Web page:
Gum vs. the Patch: Which Kind of Nicotine Replacement Is Right for You?


Knowing your smoking triggers can help you target the kind of nicotine replacement therapy that will work for you.(GETTY IMAGES/HEALTH) Shopping for over-the-counter quitting aids can be a little overwhelming because there are now five distinct forms of nicotine replacement therapy (NRT) to choose from, each in its own colorful array of brands. (Not to mention that nicotine gum and nicotine patches may be stowed somewhere behind the checkout counter near the cigarettes.)

But your chances of successfully quitting smoking double when you reach for the patch, gum, lozenges, the inhaler, or the spray, so it's usually worth the effort to sort through the facts about NRTs and reach for at least one.

Choosing an NRT
When used correctly, all five NRTs have about the same efficacy, according to the 2008 Clinical Practice Guideline for treating tobacco use and dependence, published by the U.S. Department of Health and Human Services. But each method addresses a different combination of physical and psychological withdrawal.

Start by assessing your own situation. Ask yourself how many cigarettes you smoke per day and the circumstances under which you generally decide to light up. If you tend to panic at the first twinge of nicotine withdrawal, for instance, then the easy-to-grab gum may be your best option. On the other hand, if you happen to miss inhaling smoke, the inhaler might be right for you.

More about quitting

Talk to your doctor about how you handled any previous attempts to quit and don't forget to consider physical conditions that may interfere with a particular type of NRT (if you wear dentures, for instance, the gum won't work for you). These questions may steer you toward one NRT in particular, or they may suggest a combo.

Either way, it's your choice—because you're the one who has to make it work. "If a patient doesnt want what you give them, theyre not going to do it," says Steven A. Schroeder, MD, a distinguished professor of health and health care at the University of California San Francisco School of Medicine and the head of UCSFs Smoking Cessation Leadership Center.

Next Page: The patch [ pagebreak ]The patch
The nicotine patch, approved by the FDA as a prescription drug in 1991 and for over-the-counter purchase in 1996, is a small square of adhesive that functions as a sort of nicotine Band-Aid. Usually attached to your upper arm, it delivers a steady but low level of nicotine through your skin and into your bloodstream. The patch was invented in the 1980s by Murray E. Jarvik, MD, the pharmacologist who first showed that nicotine was the addictive factor in cigarettes, and his student Jed Rose, PhD, who now directs the Center for Nicotine and Smoking Cessation Research at Duke University.

The patch's great advantage is that it's hard to use it wrong. A 1999 study published in the Archives of Internal Medicine reported that considerably more people used the patch correctly than any other form of NRT.

It's also a lot more private than the inhaler or spray, and because it only has to be changed every 24 hours, it doesn't demand a lot of you. You pick your starting dose—it comes in 7 mg, 14 mg, and 21 mg, and you can lower the amount when you feel ready—and the patch does the rest.

The gum
But what if your nicotine cravings come in bursts, not the steady sort of withdrawal that demands the patch? Thats where nicotine gum comes in. Approved by the FDA for prescription use in 1984 and over-the-counter purchase in 1996, the gum provides a surge of relief that you can control. (Lozenges, the inhaler, and the spray are also short-acting, but they are less popular because they require a prescription.)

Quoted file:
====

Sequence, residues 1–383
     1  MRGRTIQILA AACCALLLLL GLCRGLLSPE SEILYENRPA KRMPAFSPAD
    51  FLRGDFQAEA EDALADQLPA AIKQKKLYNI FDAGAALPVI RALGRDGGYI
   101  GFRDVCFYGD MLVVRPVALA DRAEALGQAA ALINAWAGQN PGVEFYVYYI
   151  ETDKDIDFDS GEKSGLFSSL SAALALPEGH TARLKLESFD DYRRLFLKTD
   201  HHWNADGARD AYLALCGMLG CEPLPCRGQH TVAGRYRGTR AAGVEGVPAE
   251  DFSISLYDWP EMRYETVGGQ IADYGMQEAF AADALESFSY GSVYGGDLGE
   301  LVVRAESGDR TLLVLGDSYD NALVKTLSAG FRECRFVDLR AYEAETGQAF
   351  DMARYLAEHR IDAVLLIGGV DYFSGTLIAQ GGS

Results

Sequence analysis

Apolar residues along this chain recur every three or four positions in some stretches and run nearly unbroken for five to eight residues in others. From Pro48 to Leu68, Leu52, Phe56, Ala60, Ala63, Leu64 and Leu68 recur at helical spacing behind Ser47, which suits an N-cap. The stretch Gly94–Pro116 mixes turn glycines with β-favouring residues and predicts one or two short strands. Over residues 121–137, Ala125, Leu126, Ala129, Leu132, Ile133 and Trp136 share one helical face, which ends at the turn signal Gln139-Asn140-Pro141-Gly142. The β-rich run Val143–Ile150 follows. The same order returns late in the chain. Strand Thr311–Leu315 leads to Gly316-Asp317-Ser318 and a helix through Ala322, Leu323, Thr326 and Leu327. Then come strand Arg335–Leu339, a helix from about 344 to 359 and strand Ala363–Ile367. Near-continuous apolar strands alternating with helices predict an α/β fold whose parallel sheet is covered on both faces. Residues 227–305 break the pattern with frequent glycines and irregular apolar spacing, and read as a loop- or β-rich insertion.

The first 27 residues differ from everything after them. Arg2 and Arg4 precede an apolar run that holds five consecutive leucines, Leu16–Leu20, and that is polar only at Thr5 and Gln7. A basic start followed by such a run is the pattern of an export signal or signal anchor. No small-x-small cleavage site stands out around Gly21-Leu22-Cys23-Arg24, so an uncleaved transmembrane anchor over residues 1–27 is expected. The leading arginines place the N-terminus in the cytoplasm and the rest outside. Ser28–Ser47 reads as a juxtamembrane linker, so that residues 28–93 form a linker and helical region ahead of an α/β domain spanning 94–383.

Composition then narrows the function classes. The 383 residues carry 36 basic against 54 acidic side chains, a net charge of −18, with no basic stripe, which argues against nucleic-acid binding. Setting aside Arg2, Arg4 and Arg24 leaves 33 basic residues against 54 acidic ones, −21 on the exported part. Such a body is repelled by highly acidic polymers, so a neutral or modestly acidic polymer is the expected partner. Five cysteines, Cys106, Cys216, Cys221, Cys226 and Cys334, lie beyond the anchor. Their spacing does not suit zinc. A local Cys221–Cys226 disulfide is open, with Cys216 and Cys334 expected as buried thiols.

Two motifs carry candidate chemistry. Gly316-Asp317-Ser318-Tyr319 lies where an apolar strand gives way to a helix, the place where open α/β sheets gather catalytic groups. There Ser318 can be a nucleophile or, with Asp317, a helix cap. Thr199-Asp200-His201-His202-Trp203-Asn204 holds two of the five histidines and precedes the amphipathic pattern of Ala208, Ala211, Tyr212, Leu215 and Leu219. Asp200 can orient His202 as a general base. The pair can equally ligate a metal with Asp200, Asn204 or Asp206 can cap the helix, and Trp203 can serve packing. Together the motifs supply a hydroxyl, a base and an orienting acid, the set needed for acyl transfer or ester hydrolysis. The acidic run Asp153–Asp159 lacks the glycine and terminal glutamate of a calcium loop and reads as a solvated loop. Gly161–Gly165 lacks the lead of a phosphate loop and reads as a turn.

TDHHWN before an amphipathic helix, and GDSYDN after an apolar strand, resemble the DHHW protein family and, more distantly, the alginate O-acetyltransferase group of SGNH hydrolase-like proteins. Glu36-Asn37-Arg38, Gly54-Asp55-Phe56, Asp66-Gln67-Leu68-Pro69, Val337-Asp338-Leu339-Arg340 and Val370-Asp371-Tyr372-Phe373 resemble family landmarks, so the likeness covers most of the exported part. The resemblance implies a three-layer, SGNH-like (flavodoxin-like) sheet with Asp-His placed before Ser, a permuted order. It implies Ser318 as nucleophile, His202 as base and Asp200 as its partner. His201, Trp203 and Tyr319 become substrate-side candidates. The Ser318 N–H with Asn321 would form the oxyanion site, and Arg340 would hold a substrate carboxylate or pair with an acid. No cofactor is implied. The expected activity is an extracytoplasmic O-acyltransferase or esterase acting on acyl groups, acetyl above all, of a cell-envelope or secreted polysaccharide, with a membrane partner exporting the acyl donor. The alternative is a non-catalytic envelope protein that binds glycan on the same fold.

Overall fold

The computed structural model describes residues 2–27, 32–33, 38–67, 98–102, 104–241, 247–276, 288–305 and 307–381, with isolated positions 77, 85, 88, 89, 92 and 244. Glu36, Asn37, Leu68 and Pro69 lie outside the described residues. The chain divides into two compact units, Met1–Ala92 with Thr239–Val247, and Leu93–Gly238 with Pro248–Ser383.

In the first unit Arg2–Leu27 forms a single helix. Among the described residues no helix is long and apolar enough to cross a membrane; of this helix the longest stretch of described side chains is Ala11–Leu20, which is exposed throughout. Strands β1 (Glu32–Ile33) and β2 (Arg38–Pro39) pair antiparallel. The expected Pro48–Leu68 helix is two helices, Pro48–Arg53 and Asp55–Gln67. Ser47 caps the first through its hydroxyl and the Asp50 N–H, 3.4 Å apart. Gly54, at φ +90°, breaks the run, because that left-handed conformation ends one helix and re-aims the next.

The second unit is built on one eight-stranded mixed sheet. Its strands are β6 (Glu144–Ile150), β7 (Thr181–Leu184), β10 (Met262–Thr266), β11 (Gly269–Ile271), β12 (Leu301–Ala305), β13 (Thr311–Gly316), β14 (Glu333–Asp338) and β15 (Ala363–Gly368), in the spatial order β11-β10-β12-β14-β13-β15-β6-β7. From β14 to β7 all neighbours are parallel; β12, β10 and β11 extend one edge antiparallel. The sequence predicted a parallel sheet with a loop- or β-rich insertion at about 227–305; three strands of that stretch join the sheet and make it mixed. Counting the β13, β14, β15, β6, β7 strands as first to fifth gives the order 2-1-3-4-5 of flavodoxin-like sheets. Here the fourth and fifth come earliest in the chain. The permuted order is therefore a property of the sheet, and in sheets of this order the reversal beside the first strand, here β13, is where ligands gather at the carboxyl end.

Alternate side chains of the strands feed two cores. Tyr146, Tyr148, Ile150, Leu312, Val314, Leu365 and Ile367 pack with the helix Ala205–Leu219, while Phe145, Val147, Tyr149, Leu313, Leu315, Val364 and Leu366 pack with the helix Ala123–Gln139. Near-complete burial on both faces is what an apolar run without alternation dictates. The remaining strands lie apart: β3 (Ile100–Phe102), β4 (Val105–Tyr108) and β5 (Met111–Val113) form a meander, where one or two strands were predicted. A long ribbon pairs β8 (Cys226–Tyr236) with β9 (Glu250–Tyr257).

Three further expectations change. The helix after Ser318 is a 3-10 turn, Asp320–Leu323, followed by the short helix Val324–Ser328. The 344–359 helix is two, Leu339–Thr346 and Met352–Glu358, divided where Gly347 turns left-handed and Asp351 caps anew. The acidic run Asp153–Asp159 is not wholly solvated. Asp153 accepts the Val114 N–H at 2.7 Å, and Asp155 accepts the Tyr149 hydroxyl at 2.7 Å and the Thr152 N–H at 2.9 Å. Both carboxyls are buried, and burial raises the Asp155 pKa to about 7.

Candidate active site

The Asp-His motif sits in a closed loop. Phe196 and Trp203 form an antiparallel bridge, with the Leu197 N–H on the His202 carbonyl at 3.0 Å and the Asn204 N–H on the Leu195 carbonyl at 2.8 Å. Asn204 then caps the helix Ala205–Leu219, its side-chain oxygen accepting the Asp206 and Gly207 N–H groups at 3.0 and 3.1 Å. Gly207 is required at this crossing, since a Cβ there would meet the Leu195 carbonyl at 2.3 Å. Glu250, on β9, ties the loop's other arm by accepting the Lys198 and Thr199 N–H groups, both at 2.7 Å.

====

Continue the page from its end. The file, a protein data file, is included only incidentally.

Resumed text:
Your complete control is both the gums great advantage and its great drawback, however, as many quitting attempts fail because of underdosing. The gum comes in both 2 mg and 4 mg doses (if you start with the higher dose, you're advised to lower it later), and experts recommend that new quitters not only chew a piece to satisfy strong cravings but also pop one in their mouth every one to two hours to help prevent cravings in the first place.

Many people end up chewing the gum less frequently than doctors—and the boxs instructions—recommend, whether because of its cost (20–50 cents per piece) or its peppery flavor. Even though Nicorette, a leading brand of nicotine gum, now comes in flavors such as mint, cinnamon, and Fruit Chill, nicotine gum is likely never going to taste like Bubble Yum—and besides, the peppery taste is actually an important signal of nicotine release.

Once a piece gets peppery (this is also commonly described as a tingling sensation), you move the gum to the side of your mouth and "park" it. When the taste subsides, you resume chewing until it returns again. After about 30 minutes, the taste is completely gone and that means the gums nicotine has been used up.

Gum plus patch
While there is no clear front-runner among the NRTs when they are used individually, the 2008 Clinical Practice Guideline reports that combining a nicotine patch with either gum or nasal spray is more effective than the nicotine patch alone.

Doctors tend to have the same take. "All things being equal, the most important thing is to give them the best shot at quitting, and the evidence is that the combination therapy tends to work better," says Dr. Schroeder.

But talk to your own doctor about whether monotherapy (using only one form of NRT) or combination therapy would be better for you. Or try a variation: Some doctors recommend starting a first quit attempt with one form of NRT and then adding a second if necessary.

On the other hand, if you smoked fewer than 10 cigarettes a day, combination therapy will probably provide too much nicotine to your system, and you would be better off with a single short-acting NRT.